Angular contact bearings have lower thrust rating than taper rollers but you will not need to add any spacers to get the preload to them right and also have lower friction. Additionally they take up less axial space. There is also a lower limit to the ID of taper rollers which from memory is 14.989mm (imperial).

Did you mention what size/grade ballscrews you are using?

Jonathan
11-01-2016, 03:51 PM
Did you mention what size/grade ballscrews you are using?

Briefly in post #18 - I'll be getting TBI brand ballscrews with DFU nuts, C5 grade with preload. I have already put one of these on Z. For the diameters, likely 20mm on X and Y based on the stiffness calculations in the same post, but not certain yet.



Just wanted to chime in on the bearings front. I would suggest you go with angular contact bearings and ones specific for ballscrews or ones specifically made with medium preload as standard.

The ones specific for ballscrews are what I've been looking at (i.e. 60 degree contact angle, preloaded), but I'm somewhat put off by the pricing, even on eBay. This (https://dspace.mit.edu/handle/1721.1/34052) document compares the virtues of triplex angular contact bearings vs a pair of tapered roller bearings and seems to conclude that the main limitation is the additional friction. In terms of stiffness, they are pretty much the same. I don't really consider the additional torque to be an issue, as that is a secondary consideration compared to the bearing axial stiffness - in essence I can just use slightly higher rated motors, which wont be a concern if I use my own (http://www.mycncuk.com/threads/7576-Build-Log-Servo-Drive-and-VFD-with-vector-control). I will use at least 15mm bore bearings, so the available sizes are not an issue.

Some time ago, I did buy some angular contact bearings from aliexpress with 12mm bore that were supposedly matched pairs. Although they have the markings of matched pairs, they don't actually seem to be so, hence I am a little wary of trying that again with more expensive bearings, e.g. BS1547TN1 (http://www.aliexpress.com/store/product/High-precision-BS1547TN1-15TAC47B-angular-contact-ball-screw-bearing-P4-grade/603897_649711896.html) or BS1747 (http://www.ebay.co.uk/itm/Walzlager-BS1747-17x47x15-Axial-Schragkugellager-Kugelgewindetrieb-60-P4A-/221495234152?hash=item3392250e68:g:T5oAAOSwd4tTxP0 p). Interestingly the load rating of ballscrew specific bearings is similar to that of similarly sized taper roller bearings - probably the stiffness requirement dictates a certain load rating.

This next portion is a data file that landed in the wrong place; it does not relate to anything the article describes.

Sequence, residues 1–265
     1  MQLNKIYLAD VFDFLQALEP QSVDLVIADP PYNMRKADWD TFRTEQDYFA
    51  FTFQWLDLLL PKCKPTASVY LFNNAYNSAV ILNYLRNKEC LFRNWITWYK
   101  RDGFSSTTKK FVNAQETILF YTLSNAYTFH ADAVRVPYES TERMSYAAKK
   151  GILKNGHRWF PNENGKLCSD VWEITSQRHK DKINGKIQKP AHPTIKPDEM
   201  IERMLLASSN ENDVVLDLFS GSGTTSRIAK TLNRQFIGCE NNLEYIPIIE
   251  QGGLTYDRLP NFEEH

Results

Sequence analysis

From what I've read/calculated the stiffness of generic single row <60 angular contact bearings in matched pairs is low compared to the screw/not or simply unclear/unspecified. There's a formula floating around for calculating the bearing axial stiffness for given dimensions, which I can do from the data on the SKF site, but the resulting values don't give much confidence. I fear that if I use these the stiffness of the bearings would be noticeably less than the ballscrews, so when combined in parallel with the nut & screw stiffness, it would not be a well balanced system, hence I want to at least get 60 contact angle bearings, if not roller bearings.

komatias
11-01-2016, 04:53 PM
The stiffness you get from the bearings is also dependent on the preload class you use. Just like in the ballscrews, you can have zero backlash (P0) but you can also have P3 and P5. And of course there is the precision class and clearance to them too. The more accurate, the stiffer the bearings can be claimed to be.

You are right about the price though. On My KRV I went with heavy preload and spent around 240 for 2 sets.

You should also think about the stiffness of rotation perpendicular to the axis of the ballscrew. this will govern which way round you put the bearings. I forget which orientation is stiffer (face to face or back to back)